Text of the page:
Be an Encourager
—During the summer of 1994 when I was a camp counselor, a friend told me she thought I had the spiritual gift of encouragement. She posted a little note by my bed. It said, “You are an encourager.”
I remember exactly what it looked like–the handwriting, the color–and how it felt to have someone name something like that about me. My friend saw what I couldn’t see.
That single comment shaped the future of my life.
To Point Others
I wasn’t just an average girl; I was a hope giver, a courage finder, and an inspiration provider. I wasn’t just a nobody. God wanted to use me to point others towards a beautiful future.It took someone naming it to help me see it.
I had a student who told me that of all my weeks and weeks of teaching, the most memorable thing from my class was a single comment I wrote on one of his many essays.In the margin of his paper, I wrote: “You sound like a great teacher right here.” He was overwhelmed that I named that in him, and he later wrote about his dreams for graduate school to become a teacher.
As my husband and I discussed these comments, he told me he remembered the exact words of a Boy Scout leader who pointed out some unique gifts he saw in my husband. Those were turning point words.
Today as I guide students through their memoir drafts, I realize that I’m not naming what I see enough. I wonder what I need to name in my children, in my friends, and in my students. I see this in you. Maybe God will use it to shape a life. Maybe those words will be a turning point for someone today.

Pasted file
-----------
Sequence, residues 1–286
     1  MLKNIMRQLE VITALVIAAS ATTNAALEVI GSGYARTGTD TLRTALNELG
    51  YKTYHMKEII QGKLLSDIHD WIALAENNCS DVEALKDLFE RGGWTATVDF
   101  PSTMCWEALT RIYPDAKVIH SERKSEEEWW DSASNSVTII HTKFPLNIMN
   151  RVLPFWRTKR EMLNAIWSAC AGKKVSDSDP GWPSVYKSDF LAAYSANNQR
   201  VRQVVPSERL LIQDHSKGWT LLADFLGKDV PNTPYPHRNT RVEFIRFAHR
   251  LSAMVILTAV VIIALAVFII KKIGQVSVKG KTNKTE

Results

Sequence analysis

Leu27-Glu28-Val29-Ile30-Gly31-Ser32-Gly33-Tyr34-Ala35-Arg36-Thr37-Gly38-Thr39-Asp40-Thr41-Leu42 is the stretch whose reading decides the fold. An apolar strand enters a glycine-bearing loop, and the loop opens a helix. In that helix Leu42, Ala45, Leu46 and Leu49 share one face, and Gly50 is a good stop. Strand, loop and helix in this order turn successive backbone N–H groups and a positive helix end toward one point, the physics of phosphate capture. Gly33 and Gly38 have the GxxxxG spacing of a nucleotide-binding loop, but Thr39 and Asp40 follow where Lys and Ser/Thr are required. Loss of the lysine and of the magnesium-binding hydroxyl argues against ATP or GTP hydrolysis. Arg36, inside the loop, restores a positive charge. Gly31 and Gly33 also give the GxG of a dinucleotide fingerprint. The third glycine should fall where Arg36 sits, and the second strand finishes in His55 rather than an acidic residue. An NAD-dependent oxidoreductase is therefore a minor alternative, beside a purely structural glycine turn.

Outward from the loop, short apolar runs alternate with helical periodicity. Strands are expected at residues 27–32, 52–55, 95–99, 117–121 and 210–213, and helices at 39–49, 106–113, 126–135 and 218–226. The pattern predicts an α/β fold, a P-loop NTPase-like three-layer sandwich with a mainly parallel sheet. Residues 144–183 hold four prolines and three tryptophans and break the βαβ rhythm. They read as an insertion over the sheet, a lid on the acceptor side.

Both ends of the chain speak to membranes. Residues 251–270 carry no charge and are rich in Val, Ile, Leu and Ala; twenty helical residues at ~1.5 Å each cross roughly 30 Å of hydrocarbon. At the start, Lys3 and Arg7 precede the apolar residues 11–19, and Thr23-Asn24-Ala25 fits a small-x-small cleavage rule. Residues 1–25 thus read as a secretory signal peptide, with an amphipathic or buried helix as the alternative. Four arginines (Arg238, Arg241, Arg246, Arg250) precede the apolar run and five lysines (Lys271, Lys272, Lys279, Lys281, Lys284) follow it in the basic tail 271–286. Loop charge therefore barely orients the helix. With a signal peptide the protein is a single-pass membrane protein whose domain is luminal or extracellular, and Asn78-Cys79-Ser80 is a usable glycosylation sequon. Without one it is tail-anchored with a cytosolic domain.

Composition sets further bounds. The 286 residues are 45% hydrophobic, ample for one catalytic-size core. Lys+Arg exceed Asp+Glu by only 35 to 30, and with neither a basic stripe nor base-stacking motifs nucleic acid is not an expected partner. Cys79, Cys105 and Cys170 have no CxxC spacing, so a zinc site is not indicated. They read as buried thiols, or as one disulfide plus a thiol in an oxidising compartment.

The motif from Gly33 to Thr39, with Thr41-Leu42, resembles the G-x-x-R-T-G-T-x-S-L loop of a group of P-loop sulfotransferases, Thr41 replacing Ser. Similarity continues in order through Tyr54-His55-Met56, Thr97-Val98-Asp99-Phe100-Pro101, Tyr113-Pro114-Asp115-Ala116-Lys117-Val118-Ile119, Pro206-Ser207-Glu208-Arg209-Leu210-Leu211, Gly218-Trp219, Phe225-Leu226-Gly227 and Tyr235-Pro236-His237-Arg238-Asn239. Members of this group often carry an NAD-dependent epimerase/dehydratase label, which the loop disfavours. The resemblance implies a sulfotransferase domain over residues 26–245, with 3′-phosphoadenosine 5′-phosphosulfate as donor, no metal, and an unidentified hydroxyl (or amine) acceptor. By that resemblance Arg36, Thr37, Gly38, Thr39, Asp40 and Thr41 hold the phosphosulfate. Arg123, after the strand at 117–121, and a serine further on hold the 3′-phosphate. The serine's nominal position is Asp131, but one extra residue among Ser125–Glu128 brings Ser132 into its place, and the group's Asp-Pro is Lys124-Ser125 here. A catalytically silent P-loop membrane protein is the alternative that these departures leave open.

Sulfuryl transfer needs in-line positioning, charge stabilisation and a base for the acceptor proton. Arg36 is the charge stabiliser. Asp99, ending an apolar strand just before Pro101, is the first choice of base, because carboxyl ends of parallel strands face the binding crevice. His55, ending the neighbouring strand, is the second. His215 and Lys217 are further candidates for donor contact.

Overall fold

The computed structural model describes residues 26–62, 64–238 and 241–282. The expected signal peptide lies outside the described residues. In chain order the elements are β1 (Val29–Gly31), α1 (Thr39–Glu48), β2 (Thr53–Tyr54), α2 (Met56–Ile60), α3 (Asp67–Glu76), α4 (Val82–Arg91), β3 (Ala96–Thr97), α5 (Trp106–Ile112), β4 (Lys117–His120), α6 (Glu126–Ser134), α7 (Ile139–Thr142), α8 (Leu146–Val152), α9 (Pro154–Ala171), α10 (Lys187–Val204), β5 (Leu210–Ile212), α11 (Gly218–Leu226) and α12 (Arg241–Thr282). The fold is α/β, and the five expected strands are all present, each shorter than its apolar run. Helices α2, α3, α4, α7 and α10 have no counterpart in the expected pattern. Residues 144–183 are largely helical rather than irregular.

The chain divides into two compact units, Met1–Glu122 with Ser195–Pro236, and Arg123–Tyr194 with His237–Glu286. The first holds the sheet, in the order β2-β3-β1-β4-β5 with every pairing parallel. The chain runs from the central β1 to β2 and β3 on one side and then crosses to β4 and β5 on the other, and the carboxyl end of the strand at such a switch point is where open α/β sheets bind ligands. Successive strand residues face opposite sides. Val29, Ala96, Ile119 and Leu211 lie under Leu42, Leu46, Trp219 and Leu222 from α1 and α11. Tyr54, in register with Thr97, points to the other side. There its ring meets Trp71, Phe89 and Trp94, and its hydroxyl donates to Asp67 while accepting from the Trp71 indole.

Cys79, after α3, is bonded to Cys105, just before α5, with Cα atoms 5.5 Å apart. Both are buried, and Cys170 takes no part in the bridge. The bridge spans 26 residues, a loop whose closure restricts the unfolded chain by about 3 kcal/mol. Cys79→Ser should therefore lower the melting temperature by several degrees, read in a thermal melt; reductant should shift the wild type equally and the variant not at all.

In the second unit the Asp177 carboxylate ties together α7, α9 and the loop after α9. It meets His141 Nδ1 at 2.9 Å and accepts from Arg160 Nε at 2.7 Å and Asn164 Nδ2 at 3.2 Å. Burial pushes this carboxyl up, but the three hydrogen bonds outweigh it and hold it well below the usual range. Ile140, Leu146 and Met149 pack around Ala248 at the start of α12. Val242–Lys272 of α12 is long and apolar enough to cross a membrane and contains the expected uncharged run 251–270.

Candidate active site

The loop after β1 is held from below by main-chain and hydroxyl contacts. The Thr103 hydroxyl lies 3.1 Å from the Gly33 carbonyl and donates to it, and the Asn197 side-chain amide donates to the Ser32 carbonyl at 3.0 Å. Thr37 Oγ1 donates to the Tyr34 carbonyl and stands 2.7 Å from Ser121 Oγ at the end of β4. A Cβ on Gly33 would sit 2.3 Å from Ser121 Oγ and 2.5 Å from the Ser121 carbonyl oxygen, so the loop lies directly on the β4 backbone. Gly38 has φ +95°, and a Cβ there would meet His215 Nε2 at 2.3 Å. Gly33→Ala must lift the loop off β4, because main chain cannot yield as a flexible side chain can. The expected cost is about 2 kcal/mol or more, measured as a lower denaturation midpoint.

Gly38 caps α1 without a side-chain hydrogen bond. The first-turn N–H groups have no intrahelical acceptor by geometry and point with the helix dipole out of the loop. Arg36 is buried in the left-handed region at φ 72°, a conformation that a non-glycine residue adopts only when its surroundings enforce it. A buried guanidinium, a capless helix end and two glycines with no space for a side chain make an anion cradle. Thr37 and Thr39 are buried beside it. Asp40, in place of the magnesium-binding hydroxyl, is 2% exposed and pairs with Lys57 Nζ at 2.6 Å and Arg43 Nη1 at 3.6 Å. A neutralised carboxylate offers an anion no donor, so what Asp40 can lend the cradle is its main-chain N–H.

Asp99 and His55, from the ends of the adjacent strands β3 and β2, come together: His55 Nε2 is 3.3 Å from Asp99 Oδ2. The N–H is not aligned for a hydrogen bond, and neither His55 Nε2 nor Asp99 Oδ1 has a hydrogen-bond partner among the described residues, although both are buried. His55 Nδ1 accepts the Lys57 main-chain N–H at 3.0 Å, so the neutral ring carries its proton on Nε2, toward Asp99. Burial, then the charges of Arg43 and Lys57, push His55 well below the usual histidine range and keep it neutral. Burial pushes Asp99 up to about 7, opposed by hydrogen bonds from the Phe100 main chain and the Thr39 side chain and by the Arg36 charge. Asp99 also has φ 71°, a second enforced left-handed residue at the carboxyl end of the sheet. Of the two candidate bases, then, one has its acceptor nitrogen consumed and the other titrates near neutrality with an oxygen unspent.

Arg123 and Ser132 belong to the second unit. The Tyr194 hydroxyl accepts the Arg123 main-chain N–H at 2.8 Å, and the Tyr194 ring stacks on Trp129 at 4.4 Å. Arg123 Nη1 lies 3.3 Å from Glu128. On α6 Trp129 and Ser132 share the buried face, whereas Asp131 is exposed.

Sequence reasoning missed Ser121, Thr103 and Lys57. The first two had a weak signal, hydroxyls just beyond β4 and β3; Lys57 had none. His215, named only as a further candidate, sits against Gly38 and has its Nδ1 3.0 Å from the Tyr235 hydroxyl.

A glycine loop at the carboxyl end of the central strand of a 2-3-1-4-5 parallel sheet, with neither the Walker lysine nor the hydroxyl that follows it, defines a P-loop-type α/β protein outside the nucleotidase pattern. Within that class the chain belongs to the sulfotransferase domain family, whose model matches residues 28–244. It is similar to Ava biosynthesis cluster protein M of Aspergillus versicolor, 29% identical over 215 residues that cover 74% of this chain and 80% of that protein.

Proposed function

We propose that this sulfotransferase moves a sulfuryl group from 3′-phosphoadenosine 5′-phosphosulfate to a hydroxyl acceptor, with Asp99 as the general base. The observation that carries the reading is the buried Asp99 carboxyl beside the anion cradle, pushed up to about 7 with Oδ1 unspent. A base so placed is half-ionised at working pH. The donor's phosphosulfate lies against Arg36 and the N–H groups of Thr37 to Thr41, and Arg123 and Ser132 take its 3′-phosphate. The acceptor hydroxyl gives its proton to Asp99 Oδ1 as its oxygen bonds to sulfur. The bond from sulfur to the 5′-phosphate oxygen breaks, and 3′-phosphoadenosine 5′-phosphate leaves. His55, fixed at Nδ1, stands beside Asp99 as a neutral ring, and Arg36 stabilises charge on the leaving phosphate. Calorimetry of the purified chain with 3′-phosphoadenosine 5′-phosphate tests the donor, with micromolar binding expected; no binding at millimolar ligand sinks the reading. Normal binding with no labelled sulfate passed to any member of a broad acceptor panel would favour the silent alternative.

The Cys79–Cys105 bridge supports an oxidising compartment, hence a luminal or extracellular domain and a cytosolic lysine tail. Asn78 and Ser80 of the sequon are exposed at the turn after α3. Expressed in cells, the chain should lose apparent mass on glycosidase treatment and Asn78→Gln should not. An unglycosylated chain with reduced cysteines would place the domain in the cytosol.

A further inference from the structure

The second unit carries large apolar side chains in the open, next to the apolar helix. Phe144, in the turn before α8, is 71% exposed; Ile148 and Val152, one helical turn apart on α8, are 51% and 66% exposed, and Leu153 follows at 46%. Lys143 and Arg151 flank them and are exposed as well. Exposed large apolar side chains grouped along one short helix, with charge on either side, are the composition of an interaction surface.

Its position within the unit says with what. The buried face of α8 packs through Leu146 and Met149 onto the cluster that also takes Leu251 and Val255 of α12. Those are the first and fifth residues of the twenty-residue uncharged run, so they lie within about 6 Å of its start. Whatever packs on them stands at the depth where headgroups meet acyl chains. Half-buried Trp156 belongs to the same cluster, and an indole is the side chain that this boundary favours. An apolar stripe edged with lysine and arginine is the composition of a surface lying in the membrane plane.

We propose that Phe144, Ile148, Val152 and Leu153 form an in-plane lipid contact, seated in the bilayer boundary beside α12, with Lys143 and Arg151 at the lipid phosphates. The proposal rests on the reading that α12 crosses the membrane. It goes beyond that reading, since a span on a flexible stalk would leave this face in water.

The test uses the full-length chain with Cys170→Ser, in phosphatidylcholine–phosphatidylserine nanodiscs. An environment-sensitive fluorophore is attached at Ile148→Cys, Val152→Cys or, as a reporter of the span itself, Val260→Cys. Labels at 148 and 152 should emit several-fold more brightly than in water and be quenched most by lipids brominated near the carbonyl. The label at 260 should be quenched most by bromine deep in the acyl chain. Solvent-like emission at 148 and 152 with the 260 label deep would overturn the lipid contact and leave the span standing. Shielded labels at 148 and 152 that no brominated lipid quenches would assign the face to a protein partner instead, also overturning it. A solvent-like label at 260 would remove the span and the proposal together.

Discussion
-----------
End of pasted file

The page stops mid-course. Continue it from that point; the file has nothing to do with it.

A Celebration Of Doing Well
As a Christian professor, speaking words of encouragement goes against the grain. Pointing out a positive trait or complimenting a student seems unusual. I’ve been told that students normally encounter cynicism, discouragement, and criticism rather than optimism, encouragement, and a celebration of what they’re doing well.
When I go back to my own training as a teacher and scholar, I remember how much time we spent learning how to find out what was wrong with a scholarly article or a piece of student writing. Rarely (if at all) did we ask the question, “What did this writer do well?”
It became easy—second nature—to deconstruct, rip apart, and expose weakness. The more we could complain, the smarter we sounded.
What if I decided to take another path? What if I used my words to heal and inspire? What would it look like to cast a great vision within a student that could start from a single comment?
I’ve seen the devastating effects of a negative turning point comment. I often ask students, for example, why they feel so afraid and insecure about their own writing. They can remember a specific moment when a teacher told them they were incompetent. They know when and where the insecurity and fear rose up in them.
I want them to know, instead, the exact moment when hope, confidence, and purpose took root inside of them. I want them to remember my class as a turning point.
(c) 2011 Heather Holleman